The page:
Camille’s pretend-Chicken Tikka Masala
I’m not really sure what to call this dish.
Actual chicken tikka masala is basically a dish of chicken bits with sauce. Chicken tikka refers to marinated chicken that is roasted. The masala part entails the whole spicy, rich sauce that accompanies it. You can find it at every other Indian restaurant here in the States, despite its British origin, and tastes different at every place as well.
So why the hesitation?
Well, I don’t roast the chicken, at least not for this particular recipe. There is no marinating, no chicken tikka to eat. But I don’t want to call it a curry, because chicken curry just sounds so pleeb, so boring. I want something spicy, something mildly exotic, something that sounded more than the usual weekday dinner.
I present to you, a lazy, bastardized (can I say that? I think I can say that) version of chicken tikka masala, just like my adobo recipe is a lazy version of the actual thing.
I’ve been cooking for my family for quite a while and still do when I come home. With this dish, I could quickly crank out a full meal for my brothers and me, and then set off to rehearsal or to my books for the night (part of the deal is that someone else would have to do the dishes). Planned correctly, this dish can be made easily in under an hour (even less, if you have a good stove). If you start cooking the rice and your veggies when you begin boiling the chicken, then you’ll have a full meal.
Despite its identity crises, this is definitely a go-to weekday dinner. Most of the ingredients are pantry staples for my house. The spice list is long, but definitely worth it. To make up for bland boiled chicken, the sauce is fairly spiced (not so spicy, but that’s according to my tongue). I like to shred the chicken to maximized surface area — more nooks and crannies where the meat can mingle with the sauce. In the end, you get very tender chicken in a spicy and tangy stew.
This is also a very forgiving dish if you decide to experiment. The ingredients are flexible. Want more spicy? Go hard with the red pepper flakes. Want a more creamy sauce? Add a splash more of coconut milk. Don’t have a can of coconut milk at the ready? I don’t suggest cow milk as a replacement, but a cup of heavy cream will do nicely.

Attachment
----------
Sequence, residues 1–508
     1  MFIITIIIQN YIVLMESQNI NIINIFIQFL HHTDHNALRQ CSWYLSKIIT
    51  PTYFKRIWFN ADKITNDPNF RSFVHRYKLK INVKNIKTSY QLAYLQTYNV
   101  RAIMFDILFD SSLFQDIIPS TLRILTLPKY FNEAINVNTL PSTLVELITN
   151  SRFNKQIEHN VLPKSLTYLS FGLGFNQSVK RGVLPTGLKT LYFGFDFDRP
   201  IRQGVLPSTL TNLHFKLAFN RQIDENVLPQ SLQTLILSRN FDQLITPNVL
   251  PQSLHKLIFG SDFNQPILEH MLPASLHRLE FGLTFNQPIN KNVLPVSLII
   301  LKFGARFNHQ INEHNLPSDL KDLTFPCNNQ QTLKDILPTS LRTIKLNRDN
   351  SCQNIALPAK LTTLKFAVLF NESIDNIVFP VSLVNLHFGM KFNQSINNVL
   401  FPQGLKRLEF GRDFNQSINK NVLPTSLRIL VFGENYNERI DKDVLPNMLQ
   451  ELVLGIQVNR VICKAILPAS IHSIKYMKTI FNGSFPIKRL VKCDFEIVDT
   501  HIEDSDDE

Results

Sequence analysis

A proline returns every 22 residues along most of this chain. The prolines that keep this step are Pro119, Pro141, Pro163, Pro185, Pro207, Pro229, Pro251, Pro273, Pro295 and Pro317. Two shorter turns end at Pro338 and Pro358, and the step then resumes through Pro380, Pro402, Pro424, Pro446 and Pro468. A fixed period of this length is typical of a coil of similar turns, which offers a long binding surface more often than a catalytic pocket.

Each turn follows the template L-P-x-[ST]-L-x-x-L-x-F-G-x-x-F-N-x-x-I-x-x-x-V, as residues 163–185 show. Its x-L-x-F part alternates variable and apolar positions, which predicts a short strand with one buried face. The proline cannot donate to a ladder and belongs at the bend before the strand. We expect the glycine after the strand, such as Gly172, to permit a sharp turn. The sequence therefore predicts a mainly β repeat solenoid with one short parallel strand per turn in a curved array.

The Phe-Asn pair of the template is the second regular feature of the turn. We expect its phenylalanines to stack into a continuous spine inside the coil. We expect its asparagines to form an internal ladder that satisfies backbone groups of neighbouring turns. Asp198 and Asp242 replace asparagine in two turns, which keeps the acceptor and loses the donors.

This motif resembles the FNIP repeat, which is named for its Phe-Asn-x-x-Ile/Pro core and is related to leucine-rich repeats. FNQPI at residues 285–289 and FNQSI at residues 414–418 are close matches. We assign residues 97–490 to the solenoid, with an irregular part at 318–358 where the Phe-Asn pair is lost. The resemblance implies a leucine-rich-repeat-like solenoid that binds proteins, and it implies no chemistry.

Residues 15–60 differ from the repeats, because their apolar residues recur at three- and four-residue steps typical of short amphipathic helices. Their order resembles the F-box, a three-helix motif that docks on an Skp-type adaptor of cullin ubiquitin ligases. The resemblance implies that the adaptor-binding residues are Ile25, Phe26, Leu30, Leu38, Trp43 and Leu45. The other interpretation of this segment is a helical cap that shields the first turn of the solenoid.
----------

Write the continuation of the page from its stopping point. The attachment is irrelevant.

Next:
I’ll work on the whole name thing at some point. But for now:
Camille’s pretend-Chicken Tikka Masala
Serves 4-5 people comfortably
1 ½ pounds chicken pieces (I usually use three large or four medium-sized chicken breasts)
4 garlic cloves, roughly chopped
Quarter of a medium onion, diced
3 tablespoons butter (unsalted or salted doesn’t matter)
½ teaspoon paprika
2 teaspoons ground cumin
¾ teaspoon garam masala*
½ teaspoon ground black pepper
2 teaspoons table salt
¾ teaspoon red pepper flakes
½ teaspoon ground cinnamon
One 8-ounce can tomato sauce
One 13-ounce can coconut milk
Juice from one lemon
*I use a particular blend from a local oriental store. No luck with finding garam masala? Try ¼ teaspoon ground coriander, ⅛ teaspoon ground cloves, ⅛ teaspoon ground nutmeg, and an additional ¼ teaspoon ground cinnamon.
Before you even start measuring or chopping anything, place the chicken along with one garlic clove in a pot with enough water to cover about three-quarters of the meat. Crank up the heat to medium-high and cover with a lid.
Heat another large pot on medium heat.
Add the butter, garlic, and onion to second pot and cook for about 15 minutes or until the onion is soft and lightly browned. In a small bowl, mix together the paprika, ground cumin, garam masala, ground black pepper, red pepper flakes, salt, and ground cinnamon. Add in the spices and cook for another minute with constant stirring. Make sure every bit is covered and all.
Add in the tomato sauce and coconut milk. Stir well, making sure to scrape all the browned spice bits. Turn the heat down to medium-low once the sauce starts to bubble a bit. Taste the sauce at this point and see if it needs anything. If it’s not salty enough, wait until the end for additional salt (it might need the acid from the lemon instead).
At this point, your chicken may be done cooking (it depends on how good your stove is). To check, take a piece out and cut into it. If the juices run clear and the meat is pliable and white, you’re good to go. Remove the chicken from its broth and shred thoroughly with two forks (or chop with a knife, up to you). Trash the boiled garlic glove.
Add the shredded meat to the curry gravy and stir to coat. Add the lemon juice as well. Let simmer the stew simmer on medium-low for at least 15 minutes (perhaps as you wash the cooking utensils and set the table) for optimal flavor
Serve with freshly cooked rice and roasted vegetables of your choosing for a quick, well-rounded dinner. Any leftovers will be good for a few days in the fridge.
See? Super simple! These two–
–combine to give you…
Delish. Now, where’s the rice?…